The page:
Become a better animator
Animator Island is a treasure trove of animation secrets, techniques, tips, and information on your quest to become a Master Animator. Our goal is to inspire you, dear artist, to reach new heights of movement, acting, and storytelling to propel the great medium of animation to exciting and brilliant new places.
Let’s take a look at Arthur Christmas and see what we can learn from this unique and clever film – from clear action sequences and tight story structure, to small acting details that took this film above and beyond our initial expectations. Lessons to...
To conclude his wonderful series on Animation Physics, professor Alejandro Garcia takes a look at one of the most known principles in physics: Action-Reaction. This article clears up some common misconceptions and helps you to add some punch to your animation (one...
Okay guys, so our last FMX 2016 article covered some specific tips to consider when creating characters for your films. Now we’re going to look at some general story creation advice that you should keep in mind from conception to final product. Ready? Here comes some more lightning quick tips expanded on from advice given by FMX speaker Christopher Lockhart in his lecture Could Your Story be a Movie?:
Did you know that moving with or against gravity actually causes weight gain and loss? It’s time for another Principle of Animation Physics defined by Professor Alejandro Garcia.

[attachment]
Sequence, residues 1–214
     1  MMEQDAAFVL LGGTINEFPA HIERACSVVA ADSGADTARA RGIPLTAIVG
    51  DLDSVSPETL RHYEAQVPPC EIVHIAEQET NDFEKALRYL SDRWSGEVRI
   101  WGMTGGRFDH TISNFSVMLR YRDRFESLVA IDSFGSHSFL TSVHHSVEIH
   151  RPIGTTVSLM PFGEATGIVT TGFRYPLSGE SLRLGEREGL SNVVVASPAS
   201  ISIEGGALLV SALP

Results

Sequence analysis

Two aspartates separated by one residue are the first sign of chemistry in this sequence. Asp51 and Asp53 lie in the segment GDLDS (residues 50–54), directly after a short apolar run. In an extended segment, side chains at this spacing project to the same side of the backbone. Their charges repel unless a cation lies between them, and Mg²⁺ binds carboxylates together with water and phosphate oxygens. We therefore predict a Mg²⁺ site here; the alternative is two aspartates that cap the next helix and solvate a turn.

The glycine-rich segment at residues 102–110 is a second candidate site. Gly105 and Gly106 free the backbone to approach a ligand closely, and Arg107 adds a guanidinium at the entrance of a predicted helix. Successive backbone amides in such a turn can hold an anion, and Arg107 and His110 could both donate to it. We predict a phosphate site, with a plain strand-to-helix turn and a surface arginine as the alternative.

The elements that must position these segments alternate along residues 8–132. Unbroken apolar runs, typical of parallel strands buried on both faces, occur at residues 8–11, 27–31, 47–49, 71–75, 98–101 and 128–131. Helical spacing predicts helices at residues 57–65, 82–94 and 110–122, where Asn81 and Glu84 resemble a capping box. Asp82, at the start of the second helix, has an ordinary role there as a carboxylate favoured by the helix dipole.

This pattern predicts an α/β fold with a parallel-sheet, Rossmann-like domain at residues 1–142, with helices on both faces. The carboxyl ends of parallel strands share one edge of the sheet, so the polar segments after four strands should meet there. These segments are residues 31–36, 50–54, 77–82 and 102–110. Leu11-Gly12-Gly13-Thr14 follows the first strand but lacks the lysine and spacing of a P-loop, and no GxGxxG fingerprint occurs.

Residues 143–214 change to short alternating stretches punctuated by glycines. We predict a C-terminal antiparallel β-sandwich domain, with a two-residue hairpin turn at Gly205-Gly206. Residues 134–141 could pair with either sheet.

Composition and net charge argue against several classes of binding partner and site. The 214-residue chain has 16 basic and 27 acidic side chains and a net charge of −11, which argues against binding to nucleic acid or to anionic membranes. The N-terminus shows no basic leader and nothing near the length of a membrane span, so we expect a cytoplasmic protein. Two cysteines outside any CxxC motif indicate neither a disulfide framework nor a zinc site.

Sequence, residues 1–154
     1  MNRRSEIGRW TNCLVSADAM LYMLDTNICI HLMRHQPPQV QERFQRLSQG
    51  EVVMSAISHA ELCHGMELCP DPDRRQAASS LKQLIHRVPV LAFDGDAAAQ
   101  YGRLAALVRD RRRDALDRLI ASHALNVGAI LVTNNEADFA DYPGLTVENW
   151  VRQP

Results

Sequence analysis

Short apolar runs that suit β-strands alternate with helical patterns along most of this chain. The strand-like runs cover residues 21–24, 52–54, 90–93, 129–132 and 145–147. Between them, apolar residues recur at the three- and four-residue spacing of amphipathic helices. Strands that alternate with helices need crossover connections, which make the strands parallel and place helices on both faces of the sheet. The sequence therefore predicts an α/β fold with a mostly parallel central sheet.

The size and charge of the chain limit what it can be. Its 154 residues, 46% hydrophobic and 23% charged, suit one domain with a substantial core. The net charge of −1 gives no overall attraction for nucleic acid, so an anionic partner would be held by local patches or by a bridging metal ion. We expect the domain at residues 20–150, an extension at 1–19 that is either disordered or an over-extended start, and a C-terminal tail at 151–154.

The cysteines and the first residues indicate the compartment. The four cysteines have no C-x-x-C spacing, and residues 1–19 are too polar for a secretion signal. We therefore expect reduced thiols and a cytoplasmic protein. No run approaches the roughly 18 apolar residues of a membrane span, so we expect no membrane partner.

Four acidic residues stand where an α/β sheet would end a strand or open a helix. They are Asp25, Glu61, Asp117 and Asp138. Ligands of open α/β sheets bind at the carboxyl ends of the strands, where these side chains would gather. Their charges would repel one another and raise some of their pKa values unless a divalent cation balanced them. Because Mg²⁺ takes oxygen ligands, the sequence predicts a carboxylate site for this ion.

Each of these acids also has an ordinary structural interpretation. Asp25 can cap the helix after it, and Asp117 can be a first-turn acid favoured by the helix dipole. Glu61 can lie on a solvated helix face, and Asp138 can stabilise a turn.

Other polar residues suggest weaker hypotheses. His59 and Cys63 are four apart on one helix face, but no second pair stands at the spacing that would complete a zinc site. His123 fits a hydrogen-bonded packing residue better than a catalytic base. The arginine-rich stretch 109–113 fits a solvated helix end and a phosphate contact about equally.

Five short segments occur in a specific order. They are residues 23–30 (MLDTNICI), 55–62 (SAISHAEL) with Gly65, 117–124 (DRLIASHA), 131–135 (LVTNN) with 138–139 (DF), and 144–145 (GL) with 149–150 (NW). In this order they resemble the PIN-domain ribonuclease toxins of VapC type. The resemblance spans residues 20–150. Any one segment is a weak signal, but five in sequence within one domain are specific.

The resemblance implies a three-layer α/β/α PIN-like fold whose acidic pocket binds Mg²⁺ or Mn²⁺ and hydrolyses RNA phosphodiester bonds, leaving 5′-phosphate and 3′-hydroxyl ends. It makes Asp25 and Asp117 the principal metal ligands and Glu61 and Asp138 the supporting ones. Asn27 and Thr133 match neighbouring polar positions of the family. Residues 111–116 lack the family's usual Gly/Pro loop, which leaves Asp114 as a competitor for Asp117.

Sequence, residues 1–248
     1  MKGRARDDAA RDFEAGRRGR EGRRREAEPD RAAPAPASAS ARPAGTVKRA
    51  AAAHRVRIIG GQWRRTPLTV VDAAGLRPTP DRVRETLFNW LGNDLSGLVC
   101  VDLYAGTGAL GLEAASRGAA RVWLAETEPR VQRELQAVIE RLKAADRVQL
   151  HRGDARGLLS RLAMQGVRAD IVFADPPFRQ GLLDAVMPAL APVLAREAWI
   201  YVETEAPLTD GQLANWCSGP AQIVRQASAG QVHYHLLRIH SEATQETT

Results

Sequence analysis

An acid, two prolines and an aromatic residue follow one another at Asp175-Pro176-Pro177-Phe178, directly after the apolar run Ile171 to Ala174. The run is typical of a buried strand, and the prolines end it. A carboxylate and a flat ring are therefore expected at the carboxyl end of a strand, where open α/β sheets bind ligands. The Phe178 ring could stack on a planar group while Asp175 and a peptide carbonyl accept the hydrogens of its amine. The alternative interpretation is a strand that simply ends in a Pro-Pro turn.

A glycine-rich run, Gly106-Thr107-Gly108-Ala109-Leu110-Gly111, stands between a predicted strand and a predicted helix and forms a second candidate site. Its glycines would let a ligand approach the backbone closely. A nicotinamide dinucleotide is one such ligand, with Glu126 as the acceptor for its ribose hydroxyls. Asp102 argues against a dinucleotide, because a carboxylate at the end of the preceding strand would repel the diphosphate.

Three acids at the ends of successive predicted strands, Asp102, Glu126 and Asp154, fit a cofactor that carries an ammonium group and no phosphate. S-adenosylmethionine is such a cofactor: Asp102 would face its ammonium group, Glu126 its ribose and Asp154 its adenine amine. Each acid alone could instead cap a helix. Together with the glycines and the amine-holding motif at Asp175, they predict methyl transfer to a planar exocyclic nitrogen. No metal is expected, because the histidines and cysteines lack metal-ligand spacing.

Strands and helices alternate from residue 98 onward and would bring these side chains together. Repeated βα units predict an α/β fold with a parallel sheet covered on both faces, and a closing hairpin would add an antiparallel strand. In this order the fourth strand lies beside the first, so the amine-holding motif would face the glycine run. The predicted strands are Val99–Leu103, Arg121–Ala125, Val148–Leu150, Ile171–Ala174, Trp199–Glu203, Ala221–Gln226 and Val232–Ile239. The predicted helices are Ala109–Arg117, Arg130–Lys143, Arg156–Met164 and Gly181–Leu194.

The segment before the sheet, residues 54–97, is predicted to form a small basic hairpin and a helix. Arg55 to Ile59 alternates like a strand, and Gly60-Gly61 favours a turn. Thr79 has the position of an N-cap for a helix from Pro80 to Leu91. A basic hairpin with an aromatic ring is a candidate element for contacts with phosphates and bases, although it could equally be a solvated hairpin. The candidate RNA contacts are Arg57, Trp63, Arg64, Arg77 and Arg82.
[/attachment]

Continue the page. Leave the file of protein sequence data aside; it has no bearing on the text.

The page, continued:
Breakdown poses are the animator’s most important tool to define motion. Find out how you can use them to control acceleration, arcs, as well as overlapping and follow through action.
Last time in the FMX 2016 lecture series we discussed four story elements that help define your protagonist. For the next two articles, we’ll be focusing on a few things to keep in mind as you begin creating your story and your characters. The advice in this article is summarized and expanded upon from the FMX lectures given by USTAR Professor Craig Caldwell in his master class on story, and from speaker Christopher Lockhart (story editor at WME) in his lecture on cinematic stories. So, let’s get right into it with these quick and inspiring expert tips!
Creating animation can be very tedious and exhausting. What drains your motivation? And what can you do to get back into the flow? If you know what is holding you back, it’s easier to do something against it – which is why today we discuss 6 motivation killers.
Here are four basic ingredients that you have to think about when creating characters for your story. They seem surprisingly obvious and simple, but even Hollywood messes these up on a regular basis – so don’t take them too lightly. This list is based on a lecture that USTAR Professor Craig Caldwell held at the FMX conference.
A visual library is one of the most powerful tools to improve your art and animation. Find out how you can build yours that will make your work more believable and awesome! Also, I talk about how to analyze animation.
Does your animation look floaty? Are your character’s limbs aimlessly hovering? Here are some pointers about what you could do to avoid and improve unwanted drifting and floating in your animation.
Sorry, for the recent lack of updates. We got lost in the amazon jungle collecting rare orchids and ended up trapped in an Aztec temple, which turned out to be a space ship… Or maybe we were just busy with other life and work stuff.
The legendary animator Tom Bancroft has a challenge for you this month! Come check it out and join in.